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Lanier senior spotlight


  With the year coming to a close, many members of Rampant Lines are writing their final articles. Senior news co-editor Madison Lanier is among these writers getting ready to finish their high school stories. 

     Lanier has been taking journalism for five semesters and gained the role of news co-editor during her junior year. Journalism has taught Lanier several life skills that she hopes to use later in life. Certain things like teamwork and collaboration towards a common goal were enforced heavily during her time in journalism.

     "It's different from any other class that I've ever taken," Lanier said. "Journalism... it's almost like a job."

     The class steps away from the typical lecture-style teaching that most classes at Rose enforce. Instead, students are given the opportunity to learn how to write articles through personal experience and peer collaboration. This unique experience is Lanier’s favorite aspect of the class.

     “It’s a work environment where you’re learning how to do something, and then you go out and do it on your own,” Lanier said. "It's a skill that you learn how to do and learn how to perfect.”



     The class also enforces the growth of the individual’s writing and grammar skills, which is something that has helped Lanier during the college application process. Because of this, Lanier believes that journalism teacher Ashley Hutchinson has been the most impactful teacher she has had here at Rose. 

     "She's taught me a lot about writing," Lanier said. "I don't think I'd be half the writer that I am [without her]."

     All of this knowledge and experience allows Lanier to write stories through the lens of her interview subjects. 

     "I like being able to go and interview people and talk to people that you normally wouldn't talk to," Lanier said.  "... [They] share some of their stories... that wouldn't be shared otherwise."

     One of Lanier’s favorite stories she got to write was her news story on Marvin Jarman, an influential figure in Greenville sports.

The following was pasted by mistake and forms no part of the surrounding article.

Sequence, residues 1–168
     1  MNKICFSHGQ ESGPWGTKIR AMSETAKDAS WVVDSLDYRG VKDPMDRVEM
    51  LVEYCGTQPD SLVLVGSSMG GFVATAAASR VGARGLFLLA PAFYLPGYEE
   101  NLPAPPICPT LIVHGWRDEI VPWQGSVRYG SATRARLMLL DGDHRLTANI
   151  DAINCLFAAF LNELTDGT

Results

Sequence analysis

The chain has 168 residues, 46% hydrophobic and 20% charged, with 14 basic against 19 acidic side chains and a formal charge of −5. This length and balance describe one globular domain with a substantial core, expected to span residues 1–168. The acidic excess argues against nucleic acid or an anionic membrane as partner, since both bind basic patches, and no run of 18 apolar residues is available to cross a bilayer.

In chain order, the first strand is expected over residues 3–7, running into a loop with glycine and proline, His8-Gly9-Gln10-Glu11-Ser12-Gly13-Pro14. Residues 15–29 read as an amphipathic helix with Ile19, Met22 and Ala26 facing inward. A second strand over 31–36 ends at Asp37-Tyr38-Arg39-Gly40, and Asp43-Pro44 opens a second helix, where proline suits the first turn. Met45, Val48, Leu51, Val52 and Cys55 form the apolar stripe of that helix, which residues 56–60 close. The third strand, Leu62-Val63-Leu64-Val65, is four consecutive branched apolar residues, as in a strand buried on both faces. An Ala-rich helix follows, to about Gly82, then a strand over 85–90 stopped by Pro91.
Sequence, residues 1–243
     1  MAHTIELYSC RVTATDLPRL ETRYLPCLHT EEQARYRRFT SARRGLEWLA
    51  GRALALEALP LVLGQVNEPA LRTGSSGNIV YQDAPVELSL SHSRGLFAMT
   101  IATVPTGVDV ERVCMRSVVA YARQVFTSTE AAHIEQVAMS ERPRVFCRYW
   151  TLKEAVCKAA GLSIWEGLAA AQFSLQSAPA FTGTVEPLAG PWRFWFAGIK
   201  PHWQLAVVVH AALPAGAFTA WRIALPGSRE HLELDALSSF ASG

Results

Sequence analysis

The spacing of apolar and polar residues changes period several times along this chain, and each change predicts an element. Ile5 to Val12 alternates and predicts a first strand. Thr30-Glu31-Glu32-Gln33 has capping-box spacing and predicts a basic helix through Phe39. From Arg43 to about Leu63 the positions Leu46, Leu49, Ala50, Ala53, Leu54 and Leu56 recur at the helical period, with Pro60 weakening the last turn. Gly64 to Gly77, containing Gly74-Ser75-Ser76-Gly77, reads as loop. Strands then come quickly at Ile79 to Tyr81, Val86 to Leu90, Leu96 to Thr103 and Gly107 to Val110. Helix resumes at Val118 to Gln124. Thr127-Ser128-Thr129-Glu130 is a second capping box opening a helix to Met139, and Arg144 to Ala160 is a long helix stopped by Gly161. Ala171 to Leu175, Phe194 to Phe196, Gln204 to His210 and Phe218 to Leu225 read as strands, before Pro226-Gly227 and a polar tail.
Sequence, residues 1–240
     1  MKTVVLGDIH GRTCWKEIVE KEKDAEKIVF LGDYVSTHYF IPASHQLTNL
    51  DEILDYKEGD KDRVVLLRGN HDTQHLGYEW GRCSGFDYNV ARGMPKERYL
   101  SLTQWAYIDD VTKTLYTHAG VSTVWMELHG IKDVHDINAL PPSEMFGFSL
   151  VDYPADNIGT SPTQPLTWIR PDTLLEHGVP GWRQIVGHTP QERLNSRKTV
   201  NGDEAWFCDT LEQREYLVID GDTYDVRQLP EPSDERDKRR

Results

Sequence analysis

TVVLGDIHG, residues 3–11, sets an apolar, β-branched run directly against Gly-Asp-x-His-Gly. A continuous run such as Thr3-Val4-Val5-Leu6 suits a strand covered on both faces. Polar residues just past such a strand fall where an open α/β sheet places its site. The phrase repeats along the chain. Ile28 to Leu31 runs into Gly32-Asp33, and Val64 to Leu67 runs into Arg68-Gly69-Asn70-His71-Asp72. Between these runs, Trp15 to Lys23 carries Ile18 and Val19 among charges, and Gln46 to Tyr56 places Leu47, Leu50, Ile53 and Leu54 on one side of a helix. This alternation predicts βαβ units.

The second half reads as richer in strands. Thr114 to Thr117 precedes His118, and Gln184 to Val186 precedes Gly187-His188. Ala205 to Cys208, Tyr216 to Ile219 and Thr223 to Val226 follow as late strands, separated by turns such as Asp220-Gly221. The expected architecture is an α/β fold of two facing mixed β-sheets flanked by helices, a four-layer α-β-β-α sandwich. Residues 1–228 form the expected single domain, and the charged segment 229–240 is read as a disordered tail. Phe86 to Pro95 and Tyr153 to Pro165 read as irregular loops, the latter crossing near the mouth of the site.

"Getting to write an article that details his life and [his legacy] was really cool," Lanier said.

     Editing for Rampant Lines has not always been easy for Lanier, especially when it came to designing pages for the first time. Due to attending Christ Covenant, a school that did not have access to Google Chromebooks like other schools in the county, Lanier lacked a lot of experience with computers and other technology commonly used in the journalism workspace. This proved to be a challenge when she became an editor, as navigating the unfamiliar program used to create the pages felt intimidating. 

     "Once you do it the first time... it's not hard," Lanier said. "You keep perfecting it [and getting better] every time you do it."

     Lanier did not figure everything out on her own. She had the help of her former news editor Mary Elizabeth Hutchinson, who acted as a mentor to Lanier during her early years in journalism. 

     "She was really good with English and grammar and writing," Lanier said. "She [helped] everyone learn how to do things and do them right."

     Since becoming a news editor, Lanier has spent her time collaborating with her fellow editors so they can continue leading the news section when she graduates. She has passed on her knowledge of the editing program she once struggled with.

     Sophomore news editor Maya Swaggerty is confident that the news section is prepared to step up in Lanier’s absence. 

     “Maddie did a very good job of preparing us,” Swaggerty said. “Just getting to work alongside her this semester has really prepared us for leading groups and whatever we are going to do in journalism in the future.”

     Lanier encourages future journalism students to take their responsibilities seriously and try to branch out as much as possible when it comes to interviewing people and writing a variety of articles. 

     "I think you learn a lot about your school community and the people in it," Lanier said. "It has allowed me to have a wider view of what's going on... and learn about all that's available at Rose."

     Despite this being her last semester in journalism, Lanier is not afraid of experiencing new opportunities in college. Nevertheless, Lanier has made countless memories and connections through journalism that she will hold onto for the rest of her life. 

     "I'm excited to go to ECU and [see] what the future holds," Lanier said.

Contributed Photo

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